National Campaigns Manager, Jess Leigh, talks about the making of a powerful new film, our latest film in which autistic actress Holly shows the world how too much information can feel.
Understanding the problem
Before we launched our Too Much Information campaign, we asked more than seven thousand autistic people and their families what they wanted the public to understand about autism. This is what came out on top:
Autistic people need extra time to process information.
At the same time, it also came out as the thing they felt the public were least aware of about autism. There was a big and important job to do.
Launching the second year of our biggest ever campaign during World Autism Awareness Week 2017, we wanted to make a powerful film which helped the public to understand that autistic people can need more time to process information. That it can feel like everything’s building up, like being asked a million questions at once. That it can feel as if your brain is too crowded – and about to explode.
Testing early ideas
Given the lack of current awareness, we started by taking a selection of ideas for the film to a 'cold audience' – people who had no affiliation with autism. We wanted to find out which concept for a film most brought to life this key learning about processing time for them, and made them respond empathetically.
I felt sorry for them. They weren't understood and people weren't giving the time they needed. Such a cacophony of questions...
Focus group participant
It wants us to change the way we deal with people. It’s saying slow down and be more measured in what you're saying.
Focus group participant
Finding our star
We knew we were on the right path. We just needed the right star. It was really important to us to cast an autistic actor in the lead role. We promoted an open audition, and dozens of autistic boys and girls sent in their audition films.
We loved watching all of them, and there were a few who stood out, including one twelve year-old budding actor who called herself ‘Jolly Holly’. In the final round of auditions, Holly dazzled us with her acting abilities. What’s more, she and her mum Jo spoke with such understanding based on their experience of Holly’s need for extra processing time and what that feels like. They had a real passion to help more people understand. We had our star.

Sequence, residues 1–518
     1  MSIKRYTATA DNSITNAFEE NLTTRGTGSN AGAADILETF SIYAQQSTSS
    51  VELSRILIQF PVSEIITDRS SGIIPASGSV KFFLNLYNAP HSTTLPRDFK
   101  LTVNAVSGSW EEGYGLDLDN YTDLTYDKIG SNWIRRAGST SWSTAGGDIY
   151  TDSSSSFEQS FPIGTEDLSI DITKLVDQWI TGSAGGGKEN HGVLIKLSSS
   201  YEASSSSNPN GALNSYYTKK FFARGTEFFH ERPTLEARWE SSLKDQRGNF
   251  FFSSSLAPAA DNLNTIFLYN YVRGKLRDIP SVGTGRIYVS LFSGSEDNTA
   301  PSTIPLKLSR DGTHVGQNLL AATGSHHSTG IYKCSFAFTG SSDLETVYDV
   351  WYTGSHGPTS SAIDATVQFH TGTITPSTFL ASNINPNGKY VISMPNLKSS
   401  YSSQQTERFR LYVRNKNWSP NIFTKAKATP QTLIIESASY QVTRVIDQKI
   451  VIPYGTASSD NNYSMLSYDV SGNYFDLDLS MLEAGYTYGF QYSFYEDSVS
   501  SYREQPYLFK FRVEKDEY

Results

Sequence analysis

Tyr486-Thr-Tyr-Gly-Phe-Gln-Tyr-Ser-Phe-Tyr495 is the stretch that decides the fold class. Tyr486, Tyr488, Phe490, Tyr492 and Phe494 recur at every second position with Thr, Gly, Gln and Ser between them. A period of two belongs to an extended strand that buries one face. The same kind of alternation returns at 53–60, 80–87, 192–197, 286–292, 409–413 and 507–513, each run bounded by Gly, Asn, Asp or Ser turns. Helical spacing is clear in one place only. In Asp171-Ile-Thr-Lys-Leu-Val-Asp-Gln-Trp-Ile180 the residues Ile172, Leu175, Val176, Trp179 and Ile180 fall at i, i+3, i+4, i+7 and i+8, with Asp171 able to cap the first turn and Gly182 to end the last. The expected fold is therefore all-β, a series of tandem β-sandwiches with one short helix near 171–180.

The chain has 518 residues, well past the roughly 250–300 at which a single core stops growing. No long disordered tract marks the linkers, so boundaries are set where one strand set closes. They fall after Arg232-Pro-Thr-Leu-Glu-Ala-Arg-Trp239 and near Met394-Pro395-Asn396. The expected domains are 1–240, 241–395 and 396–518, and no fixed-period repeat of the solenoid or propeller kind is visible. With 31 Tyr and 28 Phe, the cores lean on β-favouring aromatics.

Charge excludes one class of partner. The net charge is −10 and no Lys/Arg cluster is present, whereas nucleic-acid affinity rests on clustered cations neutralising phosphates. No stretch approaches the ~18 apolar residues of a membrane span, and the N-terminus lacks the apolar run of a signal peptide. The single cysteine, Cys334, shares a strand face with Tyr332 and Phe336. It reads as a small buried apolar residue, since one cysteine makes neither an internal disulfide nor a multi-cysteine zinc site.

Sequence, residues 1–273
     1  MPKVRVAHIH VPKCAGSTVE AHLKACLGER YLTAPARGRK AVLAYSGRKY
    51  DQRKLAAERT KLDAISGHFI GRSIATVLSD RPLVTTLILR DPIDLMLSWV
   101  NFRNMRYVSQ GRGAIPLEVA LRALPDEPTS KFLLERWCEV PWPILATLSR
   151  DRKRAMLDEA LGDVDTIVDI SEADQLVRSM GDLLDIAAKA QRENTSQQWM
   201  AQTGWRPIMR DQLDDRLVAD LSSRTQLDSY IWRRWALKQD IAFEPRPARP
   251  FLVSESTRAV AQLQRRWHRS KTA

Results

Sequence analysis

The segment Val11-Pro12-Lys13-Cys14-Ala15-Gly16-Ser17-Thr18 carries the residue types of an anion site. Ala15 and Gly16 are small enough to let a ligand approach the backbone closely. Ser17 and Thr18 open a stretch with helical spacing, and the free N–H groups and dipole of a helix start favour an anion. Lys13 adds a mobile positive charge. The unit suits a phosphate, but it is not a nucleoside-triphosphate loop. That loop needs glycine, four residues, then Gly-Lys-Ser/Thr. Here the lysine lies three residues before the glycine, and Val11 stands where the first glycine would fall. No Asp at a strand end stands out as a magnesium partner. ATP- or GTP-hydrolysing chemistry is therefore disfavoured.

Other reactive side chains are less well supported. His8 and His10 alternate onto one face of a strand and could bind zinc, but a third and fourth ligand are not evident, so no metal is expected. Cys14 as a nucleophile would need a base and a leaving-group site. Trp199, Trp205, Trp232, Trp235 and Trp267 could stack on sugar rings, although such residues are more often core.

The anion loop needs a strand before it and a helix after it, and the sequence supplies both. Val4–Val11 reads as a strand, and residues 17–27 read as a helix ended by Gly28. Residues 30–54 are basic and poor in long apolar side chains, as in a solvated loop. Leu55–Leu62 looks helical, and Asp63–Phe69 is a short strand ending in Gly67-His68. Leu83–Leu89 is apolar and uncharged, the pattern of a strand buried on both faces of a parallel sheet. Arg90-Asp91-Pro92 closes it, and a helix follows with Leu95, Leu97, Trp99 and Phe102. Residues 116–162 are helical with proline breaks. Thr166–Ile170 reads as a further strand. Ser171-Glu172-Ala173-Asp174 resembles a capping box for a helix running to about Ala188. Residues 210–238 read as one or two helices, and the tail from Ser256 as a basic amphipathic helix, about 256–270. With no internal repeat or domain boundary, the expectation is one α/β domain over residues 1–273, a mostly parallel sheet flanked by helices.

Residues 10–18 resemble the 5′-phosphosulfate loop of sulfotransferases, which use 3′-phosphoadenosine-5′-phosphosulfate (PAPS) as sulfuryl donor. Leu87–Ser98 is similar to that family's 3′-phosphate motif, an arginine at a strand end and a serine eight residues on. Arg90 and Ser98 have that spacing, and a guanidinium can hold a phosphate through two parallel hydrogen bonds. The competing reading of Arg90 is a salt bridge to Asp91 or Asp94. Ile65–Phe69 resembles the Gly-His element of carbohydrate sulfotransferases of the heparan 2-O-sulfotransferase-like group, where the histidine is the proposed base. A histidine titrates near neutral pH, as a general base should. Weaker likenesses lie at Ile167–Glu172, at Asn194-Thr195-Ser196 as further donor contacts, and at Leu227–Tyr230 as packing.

Holly’s audition tape
Showing autism accurately
Next, we wanted to make sure that every detail of our presentation of autism was accurate. Every little detail needed to feel life-like and authentic to drive the right response and help people to truly understand. We also wanted to explore how processing time might be experienced differently by autistic girls.
So we gathered a group of autistic young people for our second focus group, including two teenage girls.
Our autistic focus group
Here are some of the experiences shared at our autistic focus group:
I try and speak but it comes out wrong and I’ll start playing with my hands and then just walk off.
Izzy, autistic focus group
Anxiety comes in, especially when people expect a quick response. I worry that they’re sitting and waiting for me and then that anxiety makes it even harder to respond. It can feel like a never-ending cycle…
Being rushed makes you anxious which just makes processing what’s been said so much harder. My processing time gets ruined and afterwards I’m left thinking about what I should have said... I’ll start pacing, avoid eye contact, and do light rocking and flapping. Too much and it all leads to meltdown.”
Dana, autistic focus group
These insights, as part of an in-depth focus group, proved vital when it came to shooting the film. As one final test, we asked a group of parents of autistic people for their thoughts on the film – we wanted to make sure the scenario felt realistic from their personal experiences.
I love the idea of concentrating on the questions. I constantly speak short and sharp sentences to my son as I am aware he struggles with too much information.
Out in the public this isn't so easy, if we are on public transport people may ask him two or three questions and then give a funny look or make a funny comment if he doesn't answer.
The portrayal of the child processing information in this film sounds pretty much spot-on. We find that our son does need a fair bit of processing time. The beginning part on the bus seems the most relevant.
Shooting the film
Now we just had to shoot the film… at an ice rink. On a moving bus. With a dog…!
Holly was superb, as you can see from the film. She told us during filming, "If just one person sees the film and is more understanding of autistic people, I’ll be happy."
Holly and our Director Tomas
Holly on set with Fred the dog
Holly on camera
The bus scene
Holly and mum Jo, watching playback
The whole family came to be involved in the shoot.
We were so impressed with Holly’s acting abilities, and heartened how her face brightened every time she got to act. We asked her how she felt about being in the film.
The whole thing with the questions feels like real life. I’m really happy you’re making this film as I want more people to understand how it feels to have autism.
She told us what people could do to help when someone is getting too much information.
People can do really simple things to help autistic people, like not rushing someone to respond to a question or giving them space if they’re feeling overwhelmed or having a meltdown. Small changes can often make the biggest difference.
Our thanks to everyone who helped shape the film.
Which small change will you make to help reduce the overload?
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